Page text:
I was offered a position with a company. The offer letter was a little vague and unclear, so I sent back questions for clarification. The questions were clarified and explained, and I proudly accepted the offer.

The location was to be in another city with a mixture of office hours and working from home. The start date was determined, the location confirmed, the temporary housing agreement confirmed, it was all fine... Then all of a sudden, no communication.

Three days later the offer was rescinded. The email indicated the company was facing concurrent business issues to hire as planned but wanted to speak to me about an alternate plan. They told me to call to discuss. I have called, and sent emails, but this person that I previously had great communication with has stopped returning any calls or emails?

It's been over 30 days. I don't understand at all. How do I follow up? Or is this my cue to walk away? The position is still listed as an opening on the website.

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    It sounds like the company is in disarray. Perhaps your contact is no longer even there. I would consider this a risky company to move for even if they do step up with a fresh offer. I think you should walk away.
    – MJ6
    Commented May 7, 2014 at 3:28
  • 2
    Did they countersign the offer you accepted? Or more specifically, did you get to the point where you signed an actual employment contract? If so, you may be entitled to compensation for whatever your notice period should have been. But that's about it.
    – aroth
    Commented May 7, 2014 at 3:55
  • 1
    It was all done over email. I have never experienced this before. The contact I was communicating with and drove to meet in the other city 2 1/2 hours away for my face to face interview was the CEO/President. I feel like I did something wrong. But I am continuing to seek other opportunity. Disappointed..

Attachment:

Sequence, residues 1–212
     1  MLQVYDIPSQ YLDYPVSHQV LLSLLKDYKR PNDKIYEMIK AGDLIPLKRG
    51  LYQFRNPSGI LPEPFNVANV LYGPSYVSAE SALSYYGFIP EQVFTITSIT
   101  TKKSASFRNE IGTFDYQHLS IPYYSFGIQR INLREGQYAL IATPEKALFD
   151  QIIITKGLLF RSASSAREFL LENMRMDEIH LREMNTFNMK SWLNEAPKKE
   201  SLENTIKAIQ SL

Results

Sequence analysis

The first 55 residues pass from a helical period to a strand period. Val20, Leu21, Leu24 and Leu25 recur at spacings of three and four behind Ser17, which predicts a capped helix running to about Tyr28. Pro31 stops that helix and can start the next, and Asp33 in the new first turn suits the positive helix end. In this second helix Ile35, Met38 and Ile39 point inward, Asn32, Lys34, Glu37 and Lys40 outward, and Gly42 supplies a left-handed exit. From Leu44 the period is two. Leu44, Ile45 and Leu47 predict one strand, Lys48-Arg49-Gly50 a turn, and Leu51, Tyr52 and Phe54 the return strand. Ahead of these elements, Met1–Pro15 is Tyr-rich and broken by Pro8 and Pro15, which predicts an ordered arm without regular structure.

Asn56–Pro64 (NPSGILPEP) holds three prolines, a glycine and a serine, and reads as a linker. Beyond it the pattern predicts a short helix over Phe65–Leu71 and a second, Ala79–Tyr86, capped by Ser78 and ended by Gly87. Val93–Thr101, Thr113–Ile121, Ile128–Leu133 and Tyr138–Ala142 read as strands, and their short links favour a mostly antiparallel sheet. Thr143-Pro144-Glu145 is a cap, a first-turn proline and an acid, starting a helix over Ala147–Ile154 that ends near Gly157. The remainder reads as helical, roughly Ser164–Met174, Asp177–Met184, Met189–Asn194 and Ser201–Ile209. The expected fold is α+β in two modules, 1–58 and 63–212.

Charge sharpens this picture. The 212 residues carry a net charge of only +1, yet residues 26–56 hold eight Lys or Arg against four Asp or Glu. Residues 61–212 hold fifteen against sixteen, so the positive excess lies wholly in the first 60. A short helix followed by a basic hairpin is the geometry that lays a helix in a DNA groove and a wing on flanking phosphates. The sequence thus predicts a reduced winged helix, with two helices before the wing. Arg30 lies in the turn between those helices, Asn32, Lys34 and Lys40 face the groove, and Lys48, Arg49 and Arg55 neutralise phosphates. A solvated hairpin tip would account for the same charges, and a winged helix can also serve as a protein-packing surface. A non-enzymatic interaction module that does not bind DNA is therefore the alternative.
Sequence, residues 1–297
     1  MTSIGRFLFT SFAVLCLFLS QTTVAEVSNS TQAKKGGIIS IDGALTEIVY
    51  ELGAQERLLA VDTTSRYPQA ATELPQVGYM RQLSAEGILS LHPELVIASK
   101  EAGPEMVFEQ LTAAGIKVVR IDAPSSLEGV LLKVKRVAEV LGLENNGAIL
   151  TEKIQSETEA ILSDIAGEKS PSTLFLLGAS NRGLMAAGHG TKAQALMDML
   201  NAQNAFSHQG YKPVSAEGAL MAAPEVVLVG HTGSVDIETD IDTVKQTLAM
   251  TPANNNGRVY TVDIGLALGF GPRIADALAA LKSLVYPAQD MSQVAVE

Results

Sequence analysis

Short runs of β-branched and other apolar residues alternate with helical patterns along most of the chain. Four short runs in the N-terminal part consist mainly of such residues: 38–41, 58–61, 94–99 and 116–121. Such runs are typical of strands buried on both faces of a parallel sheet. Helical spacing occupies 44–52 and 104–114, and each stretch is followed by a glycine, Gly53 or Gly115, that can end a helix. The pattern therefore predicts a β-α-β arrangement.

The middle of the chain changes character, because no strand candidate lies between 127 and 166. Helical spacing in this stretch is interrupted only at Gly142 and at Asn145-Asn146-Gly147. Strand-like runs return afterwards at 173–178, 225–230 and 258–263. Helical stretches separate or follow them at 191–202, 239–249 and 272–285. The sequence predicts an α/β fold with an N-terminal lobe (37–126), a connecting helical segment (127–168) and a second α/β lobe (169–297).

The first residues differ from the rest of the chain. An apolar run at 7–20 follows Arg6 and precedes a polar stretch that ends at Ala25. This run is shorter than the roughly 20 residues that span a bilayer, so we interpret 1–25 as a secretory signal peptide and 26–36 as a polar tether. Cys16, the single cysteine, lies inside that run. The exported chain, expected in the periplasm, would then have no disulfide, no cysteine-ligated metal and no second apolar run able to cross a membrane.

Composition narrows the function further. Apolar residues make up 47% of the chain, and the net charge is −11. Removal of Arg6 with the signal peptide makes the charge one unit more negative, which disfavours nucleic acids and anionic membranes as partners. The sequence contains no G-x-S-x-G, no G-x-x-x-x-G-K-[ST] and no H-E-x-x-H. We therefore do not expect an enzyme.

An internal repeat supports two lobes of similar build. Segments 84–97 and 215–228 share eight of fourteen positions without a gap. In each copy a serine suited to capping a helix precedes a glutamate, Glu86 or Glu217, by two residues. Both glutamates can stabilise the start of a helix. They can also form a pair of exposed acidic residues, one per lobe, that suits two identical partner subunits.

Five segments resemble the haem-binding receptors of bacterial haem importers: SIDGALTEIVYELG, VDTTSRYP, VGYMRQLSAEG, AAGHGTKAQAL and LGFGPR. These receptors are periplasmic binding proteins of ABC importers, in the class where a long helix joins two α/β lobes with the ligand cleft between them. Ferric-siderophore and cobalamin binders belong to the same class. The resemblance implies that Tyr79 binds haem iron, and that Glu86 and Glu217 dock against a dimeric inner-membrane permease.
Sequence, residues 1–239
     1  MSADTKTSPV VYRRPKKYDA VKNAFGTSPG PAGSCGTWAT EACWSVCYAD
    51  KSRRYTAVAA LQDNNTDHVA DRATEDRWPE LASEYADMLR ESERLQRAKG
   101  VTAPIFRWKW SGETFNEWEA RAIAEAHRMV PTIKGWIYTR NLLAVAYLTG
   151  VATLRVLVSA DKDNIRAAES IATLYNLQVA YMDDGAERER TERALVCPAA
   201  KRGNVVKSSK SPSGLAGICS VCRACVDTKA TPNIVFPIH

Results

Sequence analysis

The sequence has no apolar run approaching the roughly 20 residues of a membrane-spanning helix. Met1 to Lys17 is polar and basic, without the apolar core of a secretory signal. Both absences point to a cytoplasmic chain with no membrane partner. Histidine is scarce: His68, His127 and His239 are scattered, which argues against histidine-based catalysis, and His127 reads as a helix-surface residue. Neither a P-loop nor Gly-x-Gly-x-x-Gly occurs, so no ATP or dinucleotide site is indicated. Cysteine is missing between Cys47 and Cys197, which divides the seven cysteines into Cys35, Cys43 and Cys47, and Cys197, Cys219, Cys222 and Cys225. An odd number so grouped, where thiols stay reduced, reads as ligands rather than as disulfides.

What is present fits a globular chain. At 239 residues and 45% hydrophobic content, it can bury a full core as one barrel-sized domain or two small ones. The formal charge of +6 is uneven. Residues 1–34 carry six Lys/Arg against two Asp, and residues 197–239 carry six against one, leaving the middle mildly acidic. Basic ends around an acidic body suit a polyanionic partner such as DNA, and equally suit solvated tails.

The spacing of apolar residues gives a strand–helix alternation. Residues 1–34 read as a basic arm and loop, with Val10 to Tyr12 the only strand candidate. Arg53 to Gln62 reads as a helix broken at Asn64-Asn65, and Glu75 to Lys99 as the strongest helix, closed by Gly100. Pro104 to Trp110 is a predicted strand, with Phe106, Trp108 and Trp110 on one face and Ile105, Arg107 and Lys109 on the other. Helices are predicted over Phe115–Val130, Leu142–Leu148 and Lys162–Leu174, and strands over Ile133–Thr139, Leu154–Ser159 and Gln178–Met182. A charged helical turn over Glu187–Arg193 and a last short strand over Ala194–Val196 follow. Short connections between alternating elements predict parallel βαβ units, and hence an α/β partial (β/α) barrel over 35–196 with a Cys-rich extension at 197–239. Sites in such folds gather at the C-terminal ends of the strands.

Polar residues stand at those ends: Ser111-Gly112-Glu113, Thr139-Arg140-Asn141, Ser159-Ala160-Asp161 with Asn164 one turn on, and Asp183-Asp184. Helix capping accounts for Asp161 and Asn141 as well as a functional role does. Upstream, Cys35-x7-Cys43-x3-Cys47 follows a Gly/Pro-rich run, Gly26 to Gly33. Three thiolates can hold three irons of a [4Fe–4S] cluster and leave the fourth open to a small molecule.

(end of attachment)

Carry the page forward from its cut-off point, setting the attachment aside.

– stretch
    Commented May 7, 2014 at 4:23
  • have you checked linked in? They might not be there anymore. Commented May 7, 2014 at 4:43
  • @PreetSangha - Important reference the company as LinkedIn considering they are not two seperate words in this case.
    – Donald
    Commented May 7, 2014 at 11:42

1 Answer 1


I'd interpret this sequence of events as "you are screwed". If it's any consolation to you, it could have been worse. Suppose that you had moved to the other city, and then they lowered the boom on you before you even got a chance to collect your first paycheck. If you haven't given notice on your current job yet, count yourself lucky.

I think that the question "Will I ever know why?" is irrelevant to you at this point. However, the question "Can I trust them and can I rely on anything they say going forward?" is very relevant, and I believe that the answer to this second question is obvious to you.

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